There are lots of other config tweaks you can make that will make things more pleasant when using git, here’s a great interactive tutorial (that requires a free sign-up) and another nice guide to get you started. Also, this post has some good starting settings. In particular, I recommend setting
repack.usedeltabaseoffset, along with disabling
core.legacyheaders as shown below but there’s lots more good tweaks.
git config --global help.autocorrect true
git config --global color.ui auto
git config --global repack.usedeltabaseoffset true
git config --global core.legacyheaders false
Next you’re going to need a ssh public/private key for each machine or user you would like to access git repo from, including the machine you’re hosting your repos from if you’d like to access them locally. Here’s the basic command for generating them:
ssh-keygen -t rsa -C "name@computer"
You can accept the defaults from that command in most cases. If you do, the .pub files you’ll need will be located under
~/.ssh/id_rsa.pub. Name copies these .pub files so you’ll remember each user/machine they’re associated with and upload/move them to the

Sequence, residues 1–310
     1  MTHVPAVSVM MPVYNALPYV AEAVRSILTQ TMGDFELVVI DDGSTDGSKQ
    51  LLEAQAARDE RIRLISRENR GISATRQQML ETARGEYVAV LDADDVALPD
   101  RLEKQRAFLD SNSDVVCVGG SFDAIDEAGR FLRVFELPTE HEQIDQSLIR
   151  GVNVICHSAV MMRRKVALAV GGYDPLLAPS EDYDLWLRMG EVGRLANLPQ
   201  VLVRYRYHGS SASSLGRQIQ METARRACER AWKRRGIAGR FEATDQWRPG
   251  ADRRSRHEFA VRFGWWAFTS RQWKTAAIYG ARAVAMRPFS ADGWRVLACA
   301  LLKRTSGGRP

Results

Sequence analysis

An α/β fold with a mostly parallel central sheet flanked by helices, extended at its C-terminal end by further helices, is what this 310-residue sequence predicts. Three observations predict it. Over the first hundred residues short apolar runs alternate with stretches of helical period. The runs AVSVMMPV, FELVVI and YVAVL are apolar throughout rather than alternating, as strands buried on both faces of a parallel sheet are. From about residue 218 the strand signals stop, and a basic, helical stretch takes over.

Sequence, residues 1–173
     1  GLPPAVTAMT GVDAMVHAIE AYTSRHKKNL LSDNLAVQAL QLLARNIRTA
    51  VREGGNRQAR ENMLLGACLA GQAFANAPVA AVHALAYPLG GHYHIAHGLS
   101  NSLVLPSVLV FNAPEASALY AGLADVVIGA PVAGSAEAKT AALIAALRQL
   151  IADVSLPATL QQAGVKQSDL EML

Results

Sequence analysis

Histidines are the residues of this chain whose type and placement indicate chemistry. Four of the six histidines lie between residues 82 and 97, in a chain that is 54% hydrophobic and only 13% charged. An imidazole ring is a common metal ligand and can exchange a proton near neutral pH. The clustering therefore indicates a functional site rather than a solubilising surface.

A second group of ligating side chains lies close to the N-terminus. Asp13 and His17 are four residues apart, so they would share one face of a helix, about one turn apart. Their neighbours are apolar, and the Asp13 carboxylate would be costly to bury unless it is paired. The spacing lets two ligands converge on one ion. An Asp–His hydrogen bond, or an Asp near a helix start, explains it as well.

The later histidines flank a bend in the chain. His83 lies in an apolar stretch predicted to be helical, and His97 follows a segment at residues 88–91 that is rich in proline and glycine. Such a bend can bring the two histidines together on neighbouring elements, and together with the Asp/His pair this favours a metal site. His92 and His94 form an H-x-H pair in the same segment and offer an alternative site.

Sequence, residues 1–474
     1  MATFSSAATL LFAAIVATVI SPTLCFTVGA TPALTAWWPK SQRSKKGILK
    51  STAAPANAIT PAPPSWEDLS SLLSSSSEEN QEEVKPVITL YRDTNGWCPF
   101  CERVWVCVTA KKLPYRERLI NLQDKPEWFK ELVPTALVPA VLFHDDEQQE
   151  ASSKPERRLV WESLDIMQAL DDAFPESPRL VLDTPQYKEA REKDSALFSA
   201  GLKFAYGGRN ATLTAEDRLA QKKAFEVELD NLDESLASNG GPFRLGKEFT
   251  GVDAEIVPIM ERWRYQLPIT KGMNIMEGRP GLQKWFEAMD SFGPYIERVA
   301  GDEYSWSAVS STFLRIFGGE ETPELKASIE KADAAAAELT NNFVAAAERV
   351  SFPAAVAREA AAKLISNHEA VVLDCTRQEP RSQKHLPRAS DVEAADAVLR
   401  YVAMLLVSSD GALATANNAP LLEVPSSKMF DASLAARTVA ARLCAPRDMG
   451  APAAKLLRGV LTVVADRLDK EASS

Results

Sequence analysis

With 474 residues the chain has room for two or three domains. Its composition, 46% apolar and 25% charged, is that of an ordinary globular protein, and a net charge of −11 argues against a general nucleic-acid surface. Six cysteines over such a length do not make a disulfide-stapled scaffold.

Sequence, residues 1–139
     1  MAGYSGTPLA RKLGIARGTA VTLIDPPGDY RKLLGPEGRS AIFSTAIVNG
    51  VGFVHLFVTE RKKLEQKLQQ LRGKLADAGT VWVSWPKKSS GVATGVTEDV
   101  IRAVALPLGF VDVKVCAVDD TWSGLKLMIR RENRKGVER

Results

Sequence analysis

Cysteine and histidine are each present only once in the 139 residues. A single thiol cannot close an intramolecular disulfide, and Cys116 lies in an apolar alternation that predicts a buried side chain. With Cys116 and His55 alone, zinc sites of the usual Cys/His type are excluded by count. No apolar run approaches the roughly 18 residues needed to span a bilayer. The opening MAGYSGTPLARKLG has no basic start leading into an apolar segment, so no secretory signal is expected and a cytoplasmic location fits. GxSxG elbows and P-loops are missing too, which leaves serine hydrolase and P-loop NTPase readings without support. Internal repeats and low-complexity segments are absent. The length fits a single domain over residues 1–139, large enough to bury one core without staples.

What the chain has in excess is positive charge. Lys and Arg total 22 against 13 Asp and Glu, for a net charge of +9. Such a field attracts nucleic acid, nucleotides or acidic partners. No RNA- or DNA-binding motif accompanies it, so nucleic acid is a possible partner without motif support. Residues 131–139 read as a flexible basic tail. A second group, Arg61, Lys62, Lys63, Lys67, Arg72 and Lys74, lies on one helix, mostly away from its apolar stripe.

/tmp directory of your repository server.
Now go ahead and gitolite on your server:
sudo apt-get install gitolite
Because it doesn’t have great setup scripts, that install might complain or warn about not having the right user account set up, no worries, let’s do that now. Create a user to “run” gitolite with on your server:
sudo adduser \
--shell /bin/bash \
--gecos 'git version control' \
--home /home/git \
Now switch to the newly created user, and set the path, and move to its home directory:
sudo su git
echo "PATH=$HOME/bin:$PATH" > ~/.bashrc
No we need to run the gitolite setup command with the public key you copied to the tmp directory for the machine you’re running the repository on:
If it shows you any config files during this step, simply exit them without editing. This setup script creates two repositories: gitolite-admin.git and testing.git repo along with some config files for gitolite-admin. First let’s clone the gitolite-admin repo to the account on the repository server where we generated the Check to see that everything works by cloning the repo on the machine with the public/private key.
git clone git@:gitolite-admin
You can now edit the config file under
./gitolite-admin/conf/ and add any other .pub key files you generated to
./gitolite-admin/keydir/. Syntax for the conf files is super simple but here’s the documentation for adding repos as well as some notes about using keys, which, remember, represent users.
Once you’ve set stuff up to your liking you should be able to add/update all the new files and modifications and push them back to the server for updates with these commands from within the
git add .
git commit -a -m "Initial Setup"
At this point you should probably clone the testing and gitolite-admin repositories to any other machines you plan on developing on to get a feel for how things work, particularly if you’re not an experienced git user. Once you’re comfortable it’s time to set things up for your development subdomain, which I’ll handle in Part 2.